As many of you know, access to clean drinking water is not universal. Many people (around one billion) do not have access to clean drinking water. In the area around Bungoma, this is very true. A few months before I arrived, a number of people at a local school fell ill with Typhoid and died.
Most water comes from boar holes, wells or surface rivers. Boar holes are holes that have been drilled into the ground, all the way down to the water table (about twenty five feet, or about twelve meters). When Kenyans say well, they apparently mean a naturally occurring source of water that isn't a river. This was in contrast to the definition often used in the USA.
Even though some families obtain their water from boar holes, the water can be contaminated with parasites or other infectious diseases. This is especially true of surface water, as it can often be contaminated by run off from farms or homesteads upstream.
I am sometimes asked, "Well, why don't people just build a boar hole?" This seems like an easy solution to possibly contaminated surface water, but one has to keep in mind that the supplies for constructing a boar hole are usually only located in major towns. One needs concrete to stabilize the hole, tools to dig down twenty-five feet and other items. It is also important to know where the water table is --- because if one simply digs twenty five feet down there may be no water.
In the case of ICODEI, a volunteer helped to plan and construct a rain-water catchment, and a boar hole. This provides a stable source of water for the family, the clinic, the volunteers and the school.
In rural Kenya, there exists tools to purify water. One such tool, called WaterGuard, is a dilute bleach solution. This is similar to the chlorine that is added to most treated water in the developed world. As you may remember from the people page, WaterGuard has to be used in fairly high amounts to be effective. And the water has to be mostly free of suspended contaminates for the chlorine treatment to be effective. Is it?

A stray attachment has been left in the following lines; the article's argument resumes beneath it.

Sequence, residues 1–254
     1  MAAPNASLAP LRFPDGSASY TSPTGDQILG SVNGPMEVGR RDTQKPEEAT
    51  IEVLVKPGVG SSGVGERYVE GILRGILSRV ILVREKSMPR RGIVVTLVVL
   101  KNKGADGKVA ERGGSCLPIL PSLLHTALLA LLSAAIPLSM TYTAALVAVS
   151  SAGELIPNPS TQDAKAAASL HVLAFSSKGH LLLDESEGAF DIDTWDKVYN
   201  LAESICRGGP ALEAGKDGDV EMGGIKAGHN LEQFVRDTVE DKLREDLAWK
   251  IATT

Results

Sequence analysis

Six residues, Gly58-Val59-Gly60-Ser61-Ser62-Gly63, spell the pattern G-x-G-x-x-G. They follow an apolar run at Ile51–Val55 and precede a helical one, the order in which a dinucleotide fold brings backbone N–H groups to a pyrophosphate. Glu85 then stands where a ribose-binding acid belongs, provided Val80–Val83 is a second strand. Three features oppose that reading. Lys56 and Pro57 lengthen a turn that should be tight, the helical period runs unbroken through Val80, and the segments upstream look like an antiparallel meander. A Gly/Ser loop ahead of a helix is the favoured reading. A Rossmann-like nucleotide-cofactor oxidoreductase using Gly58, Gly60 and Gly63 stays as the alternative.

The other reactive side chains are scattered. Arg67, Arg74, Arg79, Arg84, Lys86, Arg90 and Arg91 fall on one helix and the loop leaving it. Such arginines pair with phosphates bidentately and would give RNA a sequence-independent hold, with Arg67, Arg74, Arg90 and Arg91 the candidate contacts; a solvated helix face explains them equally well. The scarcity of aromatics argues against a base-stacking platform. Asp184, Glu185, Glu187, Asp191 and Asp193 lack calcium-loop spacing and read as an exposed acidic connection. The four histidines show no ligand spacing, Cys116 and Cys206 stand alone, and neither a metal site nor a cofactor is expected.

Not so much. I use a First Need Water Purifier with an MSR siltstopper in series. The MSR siltstopper prolongs filter lifespan, as it filters out the suspended silt. What you see in the above photos is the silt from about a month of drinking water. Water with suspended particles isn't always bad --- it's only bad when it is contaminated. Often dirty water is a sign of water that is more likely to be contaminated. Though, even crystal clear mountain water can be contaminated. It just depends.
But what about everyone else? Most families, if not near a boar hole, will go to a river or naturally occurring water source for their water. This means they are possibly exposed to any number of things.
There have been some creative devices dreamed up for access to clean drinking water. The best idea I've seen so far (in South Africa) is to use the merry-go-round at a school to pump water out of the boar hole and into holding tanks.
But mostly, it is about a lack of access to resources or capital, as it is with so many problems in the developing world.
Adam can be reached at adam dot morley at gmail dot com